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UH ʻŌlelo Hawaiʻi Play Awarded by National Theatre Program

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A virtual production of “He Leo Aloha” premiered in October 2021 at Kennedy Theatre. (Photos courtesy of University of Hawaiʻi at Mānoa)

A University of Hawaiʻi at Mānoa play performed exclusively in Hawaiian language has won several awards through a national theatre program.

The hana keaka, “He Leo Aloha,” written and directed by Kaipulaumakaniolono Baker, a graduate student in the UH-Mānoa Department of Theatre and Dance, captured eight national awards from the Kennedy Center American College Theater Festival. The national program awarded productions that promote long-term societal impacts through an artistic lens.

Kaʻula Krug and Kaneikoliakawahineikaʻiukapuomua Baker in a scene from “He Leo Aloha.”

“Mahalo nui to the entire creative team, particularly kumu Keawe and Ka Waihona a ke Aloha as well as kumu Hailiʻōpua for their mentorship,” Baker, a masters of fine arts candidate in Hawaiian Theatre, said in a press release. “These awards are truly a testament to the beauty of our mele and moʻolelo and the amazing kānaka who continue to serve as their vessels today,”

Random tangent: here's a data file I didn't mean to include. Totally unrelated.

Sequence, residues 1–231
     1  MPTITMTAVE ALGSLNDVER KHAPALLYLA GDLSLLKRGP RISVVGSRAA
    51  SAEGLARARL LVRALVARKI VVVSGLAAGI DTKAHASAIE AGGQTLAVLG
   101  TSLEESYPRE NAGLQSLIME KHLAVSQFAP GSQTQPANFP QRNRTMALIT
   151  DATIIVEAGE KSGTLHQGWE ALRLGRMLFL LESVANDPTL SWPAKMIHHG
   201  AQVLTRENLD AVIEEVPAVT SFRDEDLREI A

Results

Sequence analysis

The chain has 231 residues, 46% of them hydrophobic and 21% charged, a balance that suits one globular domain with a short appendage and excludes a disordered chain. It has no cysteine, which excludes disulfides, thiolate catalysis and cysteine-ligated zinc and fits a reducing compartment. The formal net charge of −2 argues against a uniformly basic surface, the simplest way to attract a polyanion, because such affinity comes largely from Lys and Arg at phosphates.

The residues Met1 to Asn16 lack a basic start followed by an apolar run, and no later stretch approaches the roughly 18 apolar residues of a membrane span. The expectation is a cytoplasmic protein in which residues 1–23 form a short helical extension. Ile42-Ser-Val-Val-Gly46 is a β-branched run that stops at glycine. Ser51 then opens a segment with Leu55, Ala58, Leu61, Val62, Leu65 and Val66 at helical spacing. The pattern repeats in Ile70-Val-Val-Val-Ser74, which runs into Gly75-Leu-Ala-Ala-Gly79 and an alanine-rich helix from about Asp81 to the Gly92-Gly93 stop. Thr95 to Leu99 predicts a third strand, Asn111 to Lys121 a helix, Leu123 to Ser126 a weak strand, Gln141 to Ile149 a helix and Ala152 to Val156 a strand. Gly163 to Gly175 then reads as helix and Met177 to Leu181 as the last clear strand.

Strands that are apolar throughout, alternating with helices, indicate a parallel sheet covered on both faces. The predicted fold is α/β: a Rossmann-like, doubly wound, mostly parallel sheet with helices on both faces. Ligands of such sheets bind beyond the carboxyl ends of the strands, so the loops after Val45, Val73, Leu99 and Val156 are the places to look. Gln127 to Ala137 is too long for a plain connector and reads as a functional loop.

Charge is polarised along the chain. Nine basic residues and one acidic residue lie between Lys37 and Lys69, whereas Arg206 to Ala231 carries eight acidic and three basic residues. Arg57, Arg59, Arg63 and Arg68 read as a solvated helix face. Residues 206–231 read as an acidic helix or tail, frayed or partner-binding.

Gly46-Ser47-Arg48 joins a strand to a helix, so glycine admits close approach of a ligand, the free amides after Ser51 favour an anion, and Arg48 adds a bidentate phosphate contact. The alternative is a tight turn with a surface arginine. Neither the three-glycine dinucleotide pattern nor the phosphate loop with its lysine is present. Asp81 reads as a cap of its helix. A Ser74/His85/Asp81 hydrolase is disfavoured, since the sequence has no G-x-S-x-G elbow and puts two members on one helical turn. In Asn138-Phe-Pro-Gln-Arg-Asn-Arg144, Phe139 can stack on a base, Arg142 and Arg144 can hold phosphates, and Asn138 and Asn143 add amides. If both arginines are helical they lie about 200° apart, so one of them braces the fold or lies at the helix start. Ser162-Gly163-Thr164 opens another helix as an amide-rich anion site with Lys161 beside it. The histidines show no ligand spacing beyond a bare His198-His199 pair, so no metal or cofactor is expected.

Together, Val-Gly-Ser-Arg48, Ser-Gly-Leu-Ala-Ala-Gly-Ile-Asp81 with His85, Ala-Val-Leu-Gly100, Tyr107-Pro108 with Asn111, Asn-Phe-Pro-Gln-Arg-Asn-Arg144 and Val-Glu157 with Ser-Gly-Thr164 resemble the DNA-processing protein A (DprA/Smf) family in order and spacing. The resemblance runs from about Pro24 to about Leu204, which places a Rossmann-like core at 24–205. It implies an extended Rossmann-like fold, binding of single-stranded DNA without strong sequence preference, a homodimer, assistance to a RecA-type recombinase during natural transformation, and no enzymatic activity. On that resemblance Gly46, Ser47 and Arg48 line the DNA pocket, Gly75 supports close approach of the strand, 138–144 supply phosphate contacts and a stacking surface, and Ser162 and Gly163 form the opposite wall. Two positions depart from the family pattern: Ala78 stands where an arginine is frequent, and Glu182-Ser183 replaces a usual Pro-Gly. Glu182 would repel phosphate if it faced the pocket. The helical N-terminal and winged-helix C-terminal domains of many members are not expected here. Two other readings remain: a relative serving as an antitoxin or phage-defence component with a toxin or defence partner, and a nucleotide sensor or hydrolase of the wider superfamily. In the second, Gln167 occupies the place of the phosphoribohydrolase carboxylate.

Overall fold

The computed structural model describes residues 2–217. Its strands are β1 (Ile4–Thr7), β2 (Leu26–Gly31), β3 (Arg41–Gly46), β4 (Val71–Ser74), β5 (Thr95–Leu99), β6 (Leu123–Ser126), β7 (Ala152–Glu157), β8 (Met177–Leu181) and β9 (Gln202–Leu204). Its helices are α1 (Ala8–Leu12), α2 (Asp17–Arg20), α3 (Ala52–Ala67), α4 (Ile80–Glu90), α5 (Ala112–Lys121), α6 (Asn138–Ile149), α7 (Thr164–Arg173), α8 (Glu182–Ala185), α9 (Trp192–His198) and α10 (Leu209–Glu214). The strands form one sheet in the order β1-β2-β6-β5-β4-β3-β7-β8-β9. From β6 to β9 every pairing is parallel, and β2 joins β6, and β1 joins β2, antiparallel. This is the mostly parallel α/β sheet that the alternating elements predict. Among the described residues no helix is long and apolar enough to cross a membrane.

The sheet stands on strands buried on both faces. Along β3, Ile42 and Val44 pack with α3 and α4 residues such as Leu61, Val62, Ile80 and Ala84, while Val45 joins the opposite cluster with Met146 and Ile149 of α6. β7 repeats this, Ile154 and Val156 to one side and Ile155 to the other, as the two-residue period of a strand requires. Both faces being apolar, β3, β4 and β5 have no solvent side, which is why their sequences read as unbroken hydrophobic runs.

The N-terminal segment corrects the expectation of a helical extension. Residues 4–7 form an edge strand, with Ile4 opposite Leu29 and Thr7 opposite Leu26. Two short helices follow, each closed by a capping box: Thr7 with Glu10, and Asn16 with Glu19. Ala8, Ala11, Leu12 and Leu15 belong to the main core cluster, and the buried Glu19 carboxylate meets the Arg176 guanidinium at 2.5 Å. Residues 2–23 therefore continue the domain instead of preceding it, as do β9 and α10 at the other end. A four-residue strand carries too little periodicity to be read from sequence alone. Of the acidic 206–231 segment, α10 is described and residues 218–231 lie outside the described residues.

The play, which opened Kennedy Theatre’s 2021-22 mainstage season last September, earned the following awards:

  • Kennedy Center Citizen Artist Award.
  • Special achievement in the production of a new work.
  • Special achievement in production design.
  • Special achievement in lighting design (Jonah Bobilin).
  • Special achievement in direction by student artists (Baker).
  • Special achievement in individual performance (Kaʻula Krug and Kaneikoliakawahineikaʻiukapuomua Baker).
  • Special achievement in musical direction (Ka Waihona A Ke Aloha, kumu Keawe Lopes and The Tuahine Troupe).

“He Leo Aloha” follows the story of a group of kānaka maoli students at UH-Mānoa and their struggles with finding and navigating love and the meaning of true aloha.

Baker incorporates traditional mele and original oli to accentuate and highlight the importance of language and the power it carries. The production features a 12-piece live band.


In January, the play received an invitation to virtually perform at the national program’s Region 8 festival. The award-winning hana keaka advanced to the national category and outshined dozens of other productions from throughout the the United States.

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